The difference between anti-Semitism and calling someone an anti-Semite


Ta-Nehisi Coates has an important post up at his Atlantic blog about how shaming anti-Semites will always be more important, more vital, than shaming those who are promiscuous with the term to the point of abuse.

Coates’ launching point is his stunned reaction to those who suggest — following the Gates arrest — that accusing someone of racism is tantamount to using the n-word. (I can’t bring myself to spell it out, no.)

If a Jewish person called me an antisemite–or a Nazi–not because I’d done anything to warrant it, but because they felt like it, I simply can’t see myself asserting that that’s almost as bad as me calling them a kike, a hook-nosed Jew, money-grubbing Jew, or any other anti-Jewish slur.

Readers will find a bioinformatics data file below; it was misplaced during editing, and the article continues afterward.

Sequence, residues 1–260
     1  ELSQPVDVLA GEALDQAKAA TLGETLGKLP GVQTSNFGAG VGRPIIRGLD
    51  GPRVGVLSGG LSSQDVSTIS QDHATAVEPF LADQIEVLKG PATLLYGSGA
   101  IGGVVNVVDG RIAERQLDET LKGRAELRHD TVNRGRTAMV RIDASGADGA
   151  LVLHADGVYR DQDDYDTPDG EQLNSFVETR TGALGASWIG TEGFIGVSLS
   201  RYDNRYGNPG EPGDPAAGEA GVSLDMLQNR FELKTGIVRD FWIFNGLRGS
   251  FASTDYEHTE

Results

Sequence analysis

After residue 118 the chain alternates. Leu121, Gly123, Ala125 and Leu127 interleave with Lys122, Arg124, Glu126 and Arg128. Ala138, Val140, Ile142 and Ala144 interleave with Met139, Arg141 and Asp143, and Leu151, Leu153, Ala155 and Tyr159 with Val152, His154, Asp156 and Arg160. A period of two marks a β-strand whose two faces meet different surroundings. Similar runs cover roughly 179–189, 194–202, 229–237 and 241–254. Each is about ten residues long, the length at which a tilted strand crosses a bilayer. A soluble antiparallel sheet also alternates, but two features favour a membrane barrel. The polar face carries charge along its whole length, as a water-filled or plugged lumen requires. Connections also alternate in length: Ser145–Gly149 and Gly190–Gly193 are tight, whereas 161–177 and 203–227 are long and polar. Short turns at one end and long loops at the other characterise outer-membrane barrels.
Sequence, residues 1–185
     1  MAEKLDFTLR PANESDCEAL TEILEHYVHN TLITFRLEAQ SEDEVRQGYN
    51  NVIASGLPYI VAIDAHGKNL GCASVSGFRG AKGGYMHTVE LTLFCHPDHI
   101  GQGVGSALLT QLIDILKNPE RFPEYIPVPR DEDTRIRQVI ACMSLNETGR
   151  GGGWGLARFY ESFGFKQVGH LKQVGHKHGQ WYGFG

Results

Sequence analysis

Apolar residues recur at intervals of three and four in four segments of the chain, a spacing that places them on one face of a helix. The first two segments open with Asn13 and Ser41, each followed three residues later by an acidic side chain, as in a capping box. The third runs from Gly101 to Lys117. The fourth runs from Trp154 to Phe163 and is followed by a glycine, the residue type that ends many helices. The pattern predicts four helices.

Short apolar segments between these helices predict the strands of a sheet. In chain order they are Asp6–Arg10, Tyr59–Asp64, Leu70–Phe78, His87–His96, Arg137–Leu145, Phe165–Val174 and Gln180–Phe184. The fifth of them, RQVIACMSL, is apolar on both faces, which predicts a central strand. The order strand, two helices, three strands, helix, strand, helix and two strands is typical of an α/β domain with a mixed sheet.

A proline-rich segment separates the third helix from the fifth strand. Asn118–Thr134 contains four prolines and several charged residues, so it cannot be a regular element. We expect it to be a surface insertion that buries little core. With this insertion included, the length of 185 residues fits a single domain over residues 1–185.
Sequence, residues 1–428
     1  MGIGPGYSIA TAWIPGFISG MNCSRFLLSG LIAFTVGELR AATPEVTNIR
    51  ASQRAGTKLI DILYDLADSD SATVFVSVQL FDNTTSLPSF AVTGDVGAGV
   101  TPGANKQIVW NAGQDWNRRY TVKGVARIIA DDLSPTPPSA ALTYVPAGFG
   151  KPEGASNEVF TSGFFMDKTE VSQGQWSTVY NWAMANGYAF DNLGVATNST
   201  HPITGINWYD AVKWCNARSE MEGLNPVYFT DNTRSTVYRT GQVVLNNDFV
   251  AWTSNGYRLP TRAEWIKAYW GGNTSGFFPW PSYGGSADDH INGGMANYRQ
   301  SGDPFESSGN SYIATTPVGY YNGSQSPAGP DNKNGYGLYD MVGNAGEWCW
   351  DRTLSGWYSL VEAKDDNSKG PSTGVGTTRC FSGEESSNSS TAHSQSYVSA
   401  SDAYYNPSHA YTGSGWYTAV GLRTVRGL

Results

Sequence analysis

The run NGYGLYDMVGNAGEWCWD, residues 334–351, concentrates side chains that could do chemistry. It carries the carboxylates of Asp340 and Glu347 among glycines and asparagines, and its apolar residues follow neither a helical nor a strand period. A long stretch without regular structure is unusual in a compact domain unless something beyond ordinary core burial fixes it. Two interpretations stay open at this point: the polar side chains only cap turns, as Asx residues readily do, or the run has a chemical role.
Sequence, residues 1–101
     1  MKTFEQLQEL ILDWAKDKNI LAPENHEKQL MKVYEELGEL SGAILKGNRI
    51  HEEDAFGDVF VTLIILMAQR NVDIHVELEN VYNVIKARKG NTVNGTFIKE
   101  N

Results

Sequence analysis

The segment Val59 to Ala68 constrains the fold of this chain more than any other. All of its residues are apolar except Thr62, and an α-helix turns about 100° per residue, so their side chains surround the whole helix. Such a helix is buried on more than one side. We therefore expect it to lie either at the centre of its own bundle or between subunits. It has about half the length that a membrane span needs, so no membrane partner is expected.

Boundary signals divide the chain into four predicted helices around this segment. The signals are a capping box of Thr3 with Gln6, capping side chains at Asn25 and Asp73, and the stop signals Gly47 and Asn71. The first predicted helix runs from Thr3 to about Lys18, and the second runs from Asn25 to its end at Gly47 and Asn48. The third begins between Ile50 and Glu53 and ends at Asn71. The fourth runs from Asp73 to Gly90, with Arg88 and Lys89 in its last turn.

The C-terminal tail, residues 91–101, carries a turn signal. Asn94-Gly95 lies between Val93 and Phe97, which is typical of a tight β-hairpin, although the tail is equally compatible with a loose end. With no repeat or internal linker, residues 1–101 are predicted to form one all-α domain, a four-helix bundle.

If only because I have no sense of the other side, my tongue would be stayed. But more than sheer modesty, I’d understand the difference between attempting to dehumanize someone, to reducing their entire person to the ugliest imagery I can muster, and dishonestly ascribing to them a set of noxious beliefs. One says that you have some dangerous ideas about humanity. The other doubts your relationship to humanity itself.

Moreover, I understand that my status as an antisemite, or Nazi, is up for a debate–even if it’s utterly unreasonable, and completely illegitimate. But I would never think that a Jewish’s person’s status as a "kike" is ever up for debate.

I wish I’d thought to say this this well, I wish someone had said it this well, ages ago. There is now a conventional wisdom that any use of the term "anti-Semitism" in the context of analyzing hostility to Israel is illegitimate. Exhibit A, of course, are Steve Walt and John Mearsheimer who refuse to debate anyone who trucks in the term in describing their meanderings on "the Israel lobby." They never  bother explaining why, or to address the allegation with any degree of honesty.

What this does, of course, is to shut down debate, and in the name of opening it up.

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